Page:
A Chinese mobile advertising firm, the perpetrator behind 256 apps pulled from the App Store for using private APIs, has apologized profusely for the data collection.
As previously reported by ZDNet, over 250 applications were pulled from Apple's iOS mobile operating system app store after reports surfaced of apps collecting private user data.
Security firm SourceDNA said on Sunday that a group of applications using Guangzhou Youmi Mobile Technology Co's third-party software development kit uses private APIs to collect personal and private data -- including email addresses, Apple IDs and device identification markers -- before sending this data to the Chinese firm's servers.
Apple bans this practice and taking such private information is a clear violation of the iPad and iPhone maker's security and privacy guidelines.
While developers using the SDK may not be aware of the issue, this means that the apps -- downloaded approximately one million times -- are taking user data without their consent. In today's post-Snowden realm with privacy and security a hot topic, such violations could tarnish Apple's reputation when it comes to stringent controls on user data collection and the quality of applications offered by the online service.
In a statement this week, Apple said any new apps connecting to the Youmi SDK will be rejected if submitted to the iOS App Store.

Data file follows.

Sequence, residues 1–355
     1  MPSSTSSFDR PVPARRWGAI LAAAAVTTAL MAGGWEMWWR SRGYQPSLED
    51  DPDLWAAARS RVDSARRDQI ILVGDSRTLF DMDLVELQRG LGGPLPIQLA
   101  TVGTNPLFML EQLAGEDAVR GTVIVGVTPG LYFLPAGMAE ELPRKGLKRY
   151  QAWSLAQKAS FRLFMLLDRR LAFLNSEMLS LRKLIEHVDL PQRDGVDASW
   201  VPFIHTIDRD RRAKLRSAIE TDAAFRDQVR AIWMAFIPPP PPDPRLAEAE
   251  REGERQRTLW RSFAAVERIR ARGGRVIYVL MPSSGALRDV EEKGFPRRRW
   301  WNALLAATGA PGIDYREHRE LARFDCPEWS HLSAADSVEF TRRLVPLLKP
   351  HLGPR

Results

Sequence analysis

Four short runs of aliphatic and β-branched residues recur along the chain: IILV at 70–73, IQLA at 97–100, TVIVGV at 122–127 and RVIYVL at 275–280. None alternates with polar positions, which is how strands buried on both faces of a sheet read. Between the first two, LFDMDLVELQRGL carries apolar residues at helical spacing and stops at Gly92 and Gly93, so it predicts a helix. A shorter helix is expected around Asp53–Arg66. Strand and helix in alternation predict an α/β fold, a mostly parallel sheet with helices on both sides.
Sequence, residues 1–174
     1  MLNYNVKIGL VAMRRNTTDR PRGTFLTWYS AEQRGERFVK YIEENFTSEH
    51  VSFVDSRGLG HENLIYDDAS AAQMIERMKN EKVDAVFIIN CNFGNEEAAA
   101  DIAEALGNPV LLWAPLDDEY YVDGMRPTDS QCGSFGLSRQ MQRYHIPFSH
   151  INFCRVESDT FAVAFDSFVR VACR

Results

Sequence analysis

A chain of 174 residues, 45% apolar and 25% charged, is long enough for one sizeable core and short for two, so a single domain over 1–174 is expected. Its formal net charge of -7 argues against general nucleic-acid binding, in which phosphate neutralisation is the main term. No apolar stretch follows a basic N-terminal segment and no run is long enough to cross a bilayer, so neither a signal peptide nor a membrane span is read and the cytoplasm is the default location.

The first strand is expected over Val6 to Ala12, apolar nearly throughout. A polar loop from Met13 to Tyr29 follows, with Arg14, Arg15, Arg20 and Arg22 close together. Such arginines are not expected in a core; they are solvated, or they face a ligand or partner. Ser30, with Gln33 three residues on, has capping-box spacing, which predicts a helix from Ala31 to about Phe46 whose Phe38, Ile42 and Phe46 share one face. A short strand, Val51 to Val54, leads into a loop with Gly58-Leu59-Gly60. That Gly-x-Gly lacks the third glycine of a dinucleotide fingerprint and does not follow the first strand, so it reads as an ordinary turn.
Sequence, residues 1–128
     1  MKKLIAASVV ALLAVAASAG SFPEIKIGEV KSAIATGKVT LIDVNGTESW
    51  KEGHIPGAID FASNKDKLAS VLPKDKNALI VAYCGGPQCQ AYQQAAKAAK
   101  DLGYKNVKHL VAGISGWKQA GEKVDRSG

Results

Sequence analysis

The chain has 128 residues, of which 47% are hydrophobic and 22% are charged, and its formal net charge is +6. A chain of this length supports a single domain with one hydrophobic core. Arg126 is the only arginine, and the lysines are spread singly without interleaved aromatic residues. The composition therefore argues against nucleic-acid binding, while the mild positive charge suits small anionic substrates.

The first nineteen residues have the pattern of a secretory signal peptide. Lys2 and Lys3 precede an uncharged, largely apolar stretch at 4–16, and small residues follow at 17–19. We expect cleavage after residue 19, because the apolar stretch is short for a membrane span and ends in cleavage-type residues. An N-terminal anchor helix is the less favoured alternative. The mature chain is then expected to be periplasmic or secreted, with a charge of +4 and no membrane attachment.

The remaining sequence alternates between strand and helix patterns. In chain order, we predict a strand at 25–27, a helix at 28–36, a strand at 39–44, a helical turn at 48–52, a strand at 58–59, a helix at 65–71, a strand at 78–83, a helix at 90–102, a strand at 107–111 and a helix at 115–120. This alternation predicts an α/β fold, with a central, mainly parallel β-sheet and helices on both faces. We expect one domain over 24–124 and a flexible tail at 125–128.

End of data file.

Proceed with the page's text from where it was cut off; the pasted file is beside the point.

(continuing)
Following the removal of the offended apps from the iOS App Store, Chinese mobile advertiser Youmi said in a statement the company offered its "sincere apologies" for the debacle and is now working with Apple to resolve the issue.
"For those products that have been temporarily taken down, we will provide reasonable compensation once this matter has been properly resolved," Youmi said.
Founded in 2012, Youmi rolled out its latest mobile advertising platform at the beginning of this year. The Adxmi global mobile ad platform, aimed at monetizing mobile traffic, is likely to be hampered when it comes to iOS-based app adoption as apps submitted using Youmi's SDK will now potentially face suspicion and scrutiny.
Of course, it does not help that the US and China have built little trust when it comes to privacy and cyberattacks.
In related news, Apple has launched a new Quality Program addressing thousands of complaints over anti-reflective display coating issues on MacBook and MacBook Pro laptops. Dubbed Staingate, a number of consumers have complained that laptops with the anti-reflective coat have developed spots, smudges and stains.